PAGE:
From the beginning, the function of the technique dictated how the form would look like. Constructing some kind of form from a blueprint was never the goal. Today, it is the opposite. We are reverse-engineering everything based on stances that we don’t even understand to begin with.
We are trying to do things, but we are using the wrong tools.
A house will never be stable if built on quicksand.
So I figured, since Karate has this obsession with stances, and some uneducated people like to pick on that, how do other martial arts do?
I took a look.
And here’s what I found:
This is Western fencing.
They call this move the “fente”. Or simply “the lunge”.
They do not care how many degrees the toes should point somewhere, or how wide or long the stance should be. The point of the stance is to reach forward and stab the opponent. How the stance (form) then looks is up to you, as long as you reach your goal (function).
We would call it a zenkutsu-dachi.
And what do we have here?
Two Thai boxers preparing to exhange vicious blows with each other.
But look at the feet.
The stance they use is called Jod Muay, meaning “fighting stance”, focusing heavily on being light on the front foot (for quick kicks, checks, blocks, parries and knees) while remaining heavy on the back foot.
In Karate, we would call it a typical neko-ashi-dachi.
For the purpose of Thai boxing, experience has shown it is the perfect stance.
And here’s some regular modern Olympic boxing.
Now, I didn’t find a good picture of it, but when two boxers are in an infighting exchange, using short, fast techniques like uppercuts, body blows, and hooks, guess what stance they are using?
The short range boxing stance would be what we call sanchin-dachi. Perfect for close quarter, core muscle-dominated fighting.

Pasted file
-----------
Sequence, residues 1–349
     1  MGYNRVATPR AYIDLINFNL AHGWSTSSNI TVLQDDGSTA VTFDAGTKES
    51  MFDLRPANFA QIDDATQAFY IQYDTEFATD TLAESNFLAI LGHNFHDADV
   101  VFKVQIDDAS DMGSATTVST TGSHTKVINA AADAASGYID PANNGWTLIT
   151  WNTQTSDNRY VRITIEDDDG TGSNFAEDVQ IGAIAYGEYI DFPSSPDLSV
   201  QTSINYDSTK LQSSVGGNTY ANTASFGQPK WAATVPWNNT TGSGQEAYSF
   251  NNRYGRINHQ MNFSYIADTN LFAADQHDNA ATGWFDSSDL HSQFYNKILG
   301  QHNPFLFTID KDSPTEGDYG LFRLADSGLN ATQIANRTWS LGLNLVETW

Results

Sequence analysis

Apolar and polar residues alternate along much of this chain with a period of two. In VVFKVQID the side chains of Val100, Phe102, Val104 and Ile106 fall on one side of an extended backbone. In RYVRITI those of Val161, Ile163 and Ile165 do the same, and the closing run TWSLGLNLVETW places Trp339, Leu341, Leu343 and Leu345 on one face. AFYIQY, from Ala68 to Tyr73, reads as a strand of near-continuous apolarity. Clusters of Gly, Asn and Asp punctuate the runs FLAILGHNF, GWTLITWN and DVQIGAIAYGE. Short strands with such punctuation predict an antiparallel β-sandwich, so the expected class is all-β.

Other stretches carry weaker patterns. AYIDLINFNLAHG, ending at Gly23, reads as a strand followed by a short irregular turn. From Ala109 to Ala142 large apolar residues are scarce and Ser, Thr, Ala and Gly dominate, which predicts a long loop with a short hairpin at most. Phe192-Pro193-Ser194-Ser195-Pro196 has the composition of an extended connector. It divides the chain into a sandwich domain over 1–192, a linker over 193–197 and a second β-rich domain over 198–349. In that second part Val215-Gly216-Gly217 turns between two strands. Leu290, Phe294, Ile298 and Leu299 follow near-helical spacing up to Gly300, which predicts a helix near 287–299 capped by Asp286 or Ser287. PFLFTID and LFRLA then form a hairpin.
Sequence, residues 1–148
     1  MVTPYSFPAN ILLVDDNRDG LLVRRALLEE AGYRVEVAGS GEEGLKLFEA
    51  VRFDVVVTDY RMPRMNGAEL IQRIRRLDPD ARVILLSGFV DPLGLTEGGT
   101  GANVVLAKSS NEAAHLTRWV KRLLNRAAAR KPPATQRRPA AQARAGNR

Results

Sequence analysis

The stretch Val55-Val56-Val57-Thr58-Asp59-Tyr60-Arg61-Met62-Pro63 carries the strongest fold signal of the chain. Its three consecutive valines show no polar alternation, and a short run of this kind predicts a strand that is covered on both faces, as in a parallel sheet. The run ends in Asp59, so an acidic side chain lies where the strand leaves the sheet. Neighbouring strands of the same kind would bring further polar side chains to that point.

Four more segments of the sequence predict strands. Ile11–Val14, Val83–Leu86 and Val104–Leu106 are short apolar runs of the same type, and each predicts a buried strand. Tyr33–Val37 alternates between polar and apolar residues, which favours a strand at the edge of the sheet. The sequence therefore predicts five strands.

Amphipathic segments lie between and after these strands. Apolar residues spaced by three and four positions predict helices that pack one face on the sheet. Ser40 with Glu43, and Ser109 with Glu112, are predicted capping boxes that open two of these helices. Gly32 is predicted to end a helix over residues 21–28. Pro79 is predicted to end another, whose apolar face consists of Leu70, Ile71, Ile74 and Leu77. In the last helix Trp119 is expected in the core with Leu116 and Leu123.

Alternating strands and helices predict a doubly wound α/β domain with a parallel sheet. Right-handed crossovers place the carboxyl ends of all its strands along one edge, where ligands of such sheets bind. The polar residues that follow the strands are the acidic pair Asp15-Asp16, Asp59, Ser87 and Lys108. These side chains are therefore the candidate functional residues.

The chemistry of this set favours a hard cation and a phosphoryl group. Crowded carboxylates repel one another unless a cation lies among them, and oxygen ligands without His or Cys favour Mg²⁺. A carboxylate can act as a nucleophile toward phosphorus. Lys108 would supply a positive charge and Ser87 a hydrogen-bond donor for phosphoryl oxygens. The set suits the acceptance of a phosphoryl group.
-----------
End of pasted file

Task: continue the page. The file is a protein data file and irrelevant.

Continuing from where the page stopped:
But since I didn’t find a picture, you’ll simply have to believe me.
And finally, the last martial art that I’m “borrowing” stances from:
Using the best stance for Wrestling means finding a good balance between stability and mobility. You must be able to withstand your opponents attempts at takedowns, while simultaneously being able to bring down the opponent.
There is even a saying that goes “Without a good stance, a wrestler doesn’t have a chance”
The answer lies in what we Karate people refer to as kiba-dachi.
So, what do we make of these four different “Karate ” stances that other martial arts use?
Karate, being highly influenced by the Japanese systematical “everything-must-be-cut-to-pieces-and-fit-into-a-box” mindset, has 20-30 stances, neatly divided into several different categories.
But in reality, nearly every other martial art has this plethora of stances too.
They just don’t focus on the outside that much. They never cared about dividing everything into categories, divisions and fields.
Other martial arts (often more modern ones) still have their original goal known to the practitioner – which happens to be beating an opponent. And to do that, you only need a basic understanding of the underlying form. The stance, or kamae. From there you evolve, and your techniques will allow you to freely flow into different forms, depending on the situation.
When it comes down to it, mastering how to control your bodyweight in different scenarios is all that you need. Accomplish that, and you’ll never have to think about stances again.
Because that’s the whole point of stances anyway.
“When one has reached maturity in the art, one will have a formless form.
It is like ice dissolving in water. When one has no form, one can be all forms; when one has no style, he can fit in with any style.”
It is important to learn forms and stances, but it is equally important to forget them, once the meaning behind them has been absorbed.
Or else you might never go beyond what Bruce Lee once called the “classical mess”.